Video shows Second World War vet calling for help before dying; nurses laugh

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Caught on camera: Video shows Second World War vet calling for help before dying; nurses laugh
VIDEO: Newly-released video ‘tells true story’ of how a Second World War veteran in a Georgia nursing home called nurses for help when he was unable to breathe – Nov 15, 2017

Hidden camera inside of a nursing home in Georgia shows an 89-year-old Second World War veteran calling for help multiple times while nurses allegedly failed to assist him, shortly before his death.

According to an 11Alive investigation, the event took place at Northeast Atlanta Health and Rehabilitation in 2014.

The hidden camera video, which was recently released to 11Alive, shows veteran James Dempsey yelling to nurses for assistance.

“Help me, help me… can’t breathe, help me,” Dempsey can be heard saying in the video.

11Alive wrote that the Woodstock, Ga., native called for help at least six times before becoming unconscious.

The investigation goes on to say nurses found Dempsey unresponsive at 5:28 a.m., however, it took the nursing staff nearly an hour to call 911.

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Global News reached out to Northeast Atlanta Health and Rehabilitation Center and was told by the nursing home administrator they were not able to comment on events that took place back in 2014.

Global News also did not hear back from the facility’s legal team by the time of publication, who the nursing home administrator said he would contact.

However, a statement by nursing home operators Sava Senior Care was given to 11Alive, reading in part:

“[Sava Senior Care is] saddened by the events, which occurred more than three years ago… new leadership and the leadership team and the staff have worked very diligently to improve quality care and the quality of life for our residents… the facility recently was deficiency-free during our recent annual inspection conducted by the Georgia Department of Health on May 25, 2017.”

Global News was able to get into contact with a press secretary for the secretary of state’s office in Georgia and learned that the facility’s former nursing supervisor Wanda Nuckles, who was also one of the nurses allegedly seen in the video, was no longer a licensed nurse.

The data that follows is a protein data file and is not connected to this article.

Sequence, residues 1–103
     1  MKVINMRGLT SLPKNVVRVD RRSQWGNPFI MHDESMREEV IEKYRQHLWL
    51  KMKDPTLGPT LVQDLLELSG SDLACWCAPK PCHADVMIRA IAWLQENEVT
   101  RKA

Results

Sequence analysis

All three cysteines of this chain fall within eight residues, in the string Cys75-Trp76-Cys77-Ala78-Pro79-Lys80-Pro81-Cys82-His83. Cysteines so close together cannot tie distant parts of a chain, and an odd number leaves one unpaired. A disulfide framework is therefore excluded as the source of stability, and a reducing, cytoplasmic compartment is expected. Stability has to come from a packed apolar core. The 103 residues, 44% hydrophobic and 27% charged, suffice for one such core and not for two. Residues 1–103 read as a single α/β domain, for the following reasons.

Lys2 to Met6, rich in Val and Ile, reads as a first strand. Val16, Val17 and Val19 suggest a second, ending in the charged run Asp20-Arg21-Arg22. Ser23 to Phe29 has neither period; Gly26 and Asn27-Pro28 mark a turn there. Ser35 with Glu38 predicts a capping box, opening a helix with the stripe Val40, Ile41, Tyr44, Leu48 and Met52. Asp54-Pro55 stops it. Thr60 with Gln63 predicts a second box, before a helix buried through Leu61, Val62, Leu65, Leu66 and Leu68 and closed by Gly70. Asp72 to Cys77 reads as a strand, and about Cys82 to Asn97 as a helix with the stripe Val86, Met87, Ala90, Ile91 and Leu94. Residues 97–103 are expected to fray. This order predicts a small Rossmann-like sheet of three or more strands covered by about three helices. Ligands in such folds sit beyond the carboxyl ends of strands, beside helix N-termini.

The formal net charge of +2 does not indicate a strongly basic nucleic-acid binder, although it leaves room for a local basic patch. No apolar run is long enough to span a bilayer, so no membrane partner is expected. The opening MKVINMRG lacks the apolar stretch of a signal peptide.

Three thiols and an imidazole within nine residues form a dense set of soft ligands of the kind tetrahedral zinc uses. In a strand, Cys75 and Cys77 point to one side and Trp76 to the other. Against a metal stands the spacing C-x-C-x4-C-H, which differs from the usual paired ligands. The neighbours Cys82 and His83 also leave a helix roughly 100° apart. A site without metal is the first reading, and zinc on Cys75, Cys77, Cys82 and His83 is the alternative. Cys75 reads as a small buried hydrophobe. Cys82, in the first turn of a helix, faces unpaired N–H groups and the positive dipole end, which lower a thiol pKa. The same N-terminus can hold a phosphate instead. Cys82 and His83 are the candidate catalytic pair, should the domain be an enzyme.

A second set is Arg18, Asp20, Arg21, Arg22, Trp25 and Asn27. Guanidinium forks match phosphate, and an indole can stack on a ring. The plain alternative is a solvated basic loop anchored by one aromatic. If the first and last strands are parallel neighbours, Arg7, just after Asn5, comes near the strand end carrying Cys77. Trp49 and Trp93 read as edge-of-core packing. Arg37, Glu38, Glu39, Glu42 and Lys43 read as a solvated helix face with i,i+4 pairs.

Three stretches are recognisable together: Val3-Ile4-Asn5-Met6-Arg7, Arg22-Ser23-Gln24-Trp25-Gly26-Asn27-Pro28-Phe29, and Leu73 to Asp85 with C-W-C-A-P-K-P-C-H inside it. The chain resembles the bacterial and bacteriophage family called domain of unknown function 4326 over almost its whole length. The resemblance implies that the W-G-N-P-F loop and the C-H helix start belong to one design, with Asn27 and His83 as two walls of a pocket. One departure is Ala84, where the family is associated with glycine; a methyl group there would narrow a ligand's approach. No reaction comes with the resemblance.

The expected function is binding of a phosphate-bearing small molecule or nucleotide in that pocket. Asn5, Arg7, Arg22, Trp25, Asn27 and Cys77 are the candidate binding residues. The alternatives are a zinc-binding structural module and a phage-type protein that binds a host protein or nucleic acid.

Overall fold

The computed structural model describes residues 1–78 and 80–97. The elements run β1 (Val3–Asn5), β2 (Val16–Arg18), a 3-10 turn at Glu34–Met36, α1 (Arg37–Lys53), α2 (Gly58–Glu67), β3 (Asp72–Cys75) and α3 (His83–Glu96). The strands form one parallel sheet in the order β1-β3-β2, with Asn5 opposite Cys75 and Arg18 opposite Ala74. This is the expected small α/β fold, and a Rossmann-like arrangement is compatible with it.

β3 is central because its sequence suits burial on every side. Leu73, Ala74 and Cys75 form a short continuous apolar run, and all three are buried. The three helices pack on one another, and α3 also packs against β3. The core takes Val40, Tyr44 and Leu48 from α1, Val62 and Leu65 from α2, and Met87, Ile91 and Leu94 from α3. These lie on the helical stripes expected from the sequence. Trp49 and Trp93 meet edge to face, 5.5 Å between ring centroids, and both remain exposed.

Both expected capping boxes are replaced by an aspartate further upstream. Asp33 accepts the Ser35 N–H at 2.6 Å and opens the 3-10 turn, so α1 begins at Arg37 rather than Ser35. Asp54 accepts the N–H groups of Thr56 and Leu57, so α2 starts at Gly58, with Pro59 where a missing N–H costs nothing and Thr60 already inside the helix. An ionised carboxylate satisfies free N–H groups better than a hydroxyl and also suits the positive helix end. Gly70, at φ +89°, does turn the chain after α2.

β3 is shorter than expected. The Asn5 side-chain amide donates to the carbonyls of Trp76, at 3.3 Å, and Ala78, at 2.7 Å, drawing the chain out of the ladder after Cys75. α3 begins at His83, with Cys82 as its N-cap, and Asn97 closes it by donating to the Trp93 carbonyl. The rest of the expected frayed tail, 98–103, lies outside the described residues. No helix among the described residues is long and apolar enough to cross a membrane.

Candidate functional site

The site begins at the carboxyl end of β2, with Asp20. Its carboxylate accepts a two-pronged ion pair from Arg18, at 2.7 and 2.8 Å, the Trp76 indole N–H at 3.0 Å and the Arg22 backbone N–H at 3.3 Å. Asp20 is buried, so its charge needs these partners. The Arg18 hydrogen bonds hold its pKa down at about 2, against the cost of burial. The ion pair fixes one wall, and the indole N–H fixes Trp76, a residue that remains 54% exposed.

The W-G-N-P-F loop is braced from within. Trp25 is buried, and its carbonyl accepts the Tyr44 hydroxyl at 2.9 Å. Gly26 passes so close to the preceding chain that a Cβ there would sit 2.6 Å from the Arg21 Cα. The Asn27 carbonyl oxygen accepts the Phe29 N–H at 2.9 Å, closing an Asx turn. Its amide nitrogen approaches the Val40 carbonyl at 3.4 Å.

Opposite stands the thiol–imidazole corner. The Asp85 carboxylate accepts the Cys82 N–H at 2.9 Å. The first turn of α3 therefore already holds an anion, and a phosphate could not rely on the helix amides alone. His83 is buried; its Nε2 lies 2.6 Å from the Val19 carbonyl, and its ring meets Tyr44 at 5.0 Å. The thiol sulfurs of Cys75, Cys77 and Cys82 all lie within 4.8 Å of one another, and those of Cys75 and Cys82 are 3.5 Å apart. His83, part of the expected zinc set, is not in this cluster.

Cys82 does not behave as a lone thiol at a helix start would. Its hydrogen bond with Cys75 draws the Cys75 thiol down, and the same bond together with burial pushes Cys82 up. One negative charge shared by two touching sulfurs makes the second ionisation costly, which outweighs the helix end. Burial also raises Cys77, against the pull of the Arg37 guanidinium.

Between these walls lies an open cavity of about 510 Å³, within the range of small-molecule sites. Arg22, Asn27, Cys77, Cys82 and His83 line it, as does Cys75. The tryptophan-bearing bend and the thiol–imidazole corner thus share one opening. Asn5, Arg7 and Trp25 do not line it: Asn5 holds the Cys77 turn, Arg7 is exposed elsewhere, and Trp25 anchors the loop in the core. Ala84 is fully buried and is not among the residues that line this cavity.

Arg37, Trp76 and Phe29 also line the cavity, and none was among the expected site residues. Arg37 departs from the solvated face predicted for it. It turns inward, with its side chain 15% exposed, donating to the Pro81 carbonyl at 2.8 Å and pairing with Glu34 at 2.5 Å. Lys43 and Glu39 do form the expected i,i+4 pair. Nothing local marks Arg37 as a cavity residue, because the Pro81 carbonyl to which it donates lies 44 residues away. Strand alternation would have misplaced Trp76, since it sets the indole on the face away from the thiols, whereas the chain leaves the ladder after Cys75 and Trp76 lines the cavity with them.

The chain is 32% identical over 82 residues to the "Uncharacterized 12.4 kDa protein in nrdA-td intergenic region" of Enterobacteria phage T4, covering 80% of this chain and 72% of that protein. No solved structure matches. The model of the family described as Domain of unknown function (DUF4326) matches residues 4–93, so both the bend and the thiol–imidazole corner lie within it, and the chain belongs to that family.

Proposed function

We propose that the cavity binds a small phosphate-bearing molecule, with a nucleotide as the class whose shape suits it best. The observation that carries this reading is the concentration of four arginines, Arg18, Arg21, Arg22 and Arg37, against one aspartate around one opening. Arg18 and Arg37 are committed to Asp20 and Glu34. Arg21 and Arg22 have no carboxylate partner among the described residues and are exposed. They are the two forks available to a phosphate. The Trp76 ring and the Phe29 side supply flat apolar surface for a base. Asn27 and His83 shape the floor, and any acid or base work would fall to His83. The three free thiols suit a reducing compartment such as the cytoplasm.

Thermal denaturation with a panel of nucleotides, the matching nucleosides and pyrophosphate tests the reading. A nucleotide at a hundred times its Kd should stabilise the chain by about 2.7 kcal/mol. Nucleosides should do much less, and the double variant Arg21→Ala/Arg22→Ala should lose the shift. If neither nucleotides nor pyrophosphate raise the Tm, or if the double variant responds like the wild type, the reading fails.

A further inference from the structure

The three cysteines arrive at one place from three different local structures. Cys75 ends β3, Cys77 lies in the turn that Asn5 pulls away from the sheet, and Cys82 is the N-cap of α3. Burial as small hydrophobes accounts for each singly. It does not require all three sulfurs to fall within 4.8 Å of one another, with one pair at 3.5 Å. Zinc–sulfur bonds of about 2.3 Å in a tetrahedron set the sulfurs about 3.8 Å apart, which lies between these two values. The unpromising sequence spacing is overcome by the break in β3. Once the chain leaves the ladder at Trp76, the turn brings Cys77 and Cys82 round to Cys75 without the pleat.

“She was a licensed practical nurse but surrendered her licence in September of this year,” said Candice Broce, press secretary for Georgia’s secretary of state’s office.

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On Georgia’s secretary of state website, it shows that a Wanda Nuckles officially surrendered her license to the Georgia Board of Nursing on Sept. 15.

The document from the state’s office went on to describe the events that took place “during the evening of February 26, 2014, through the morning of February 27, 2014.” On the first page of the document, it says the findings were based on Nuckles’ “sworn deposition testimony” in the case “Dempsey v. SSC Atlanta Operating Company, et. al.”


During Nuckles’ recorded deposition, which was held on Nov. 23, 2015, she can be heard speaking to Mike Prieto, the family’s attorney, about the moment she was alerted that Dempsey was unresponsive.

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“From the time you came in, you took over doing chest compressions… correct?” asked Prieto in the video.

“Yes,” replied Nuckles.

“Until the time paramedics arrive, you were giving CPR continuously?” continued Prieto.

Again, Nuckles replied, “Yes.”

However, the hidden camera video shows a different set of events unfolding from what Nuckles claims.

“You came into the room at 6:23:10, correct ma’am?” Prieto asked.

“Yes,” Nuckles replied.

“And contrary to the way you testified previously, there’s no one doing CPR, is there?”


“That really wasn’t the truth, was it?”

“Sir, that was an honest mistake,” Nuckles replied.

Later on, the hidden camera footage shows the nurses laughing while having trouble getting Dempsey’s oxygen machine to work.

When Prieto asked Nuckles about the nurses laughing, she said she couldn’t remember.

According to 11Alive, Dempsey’s family declined an interview after reaching a settlement agreement with the nursing home.

The nursing home remains open.


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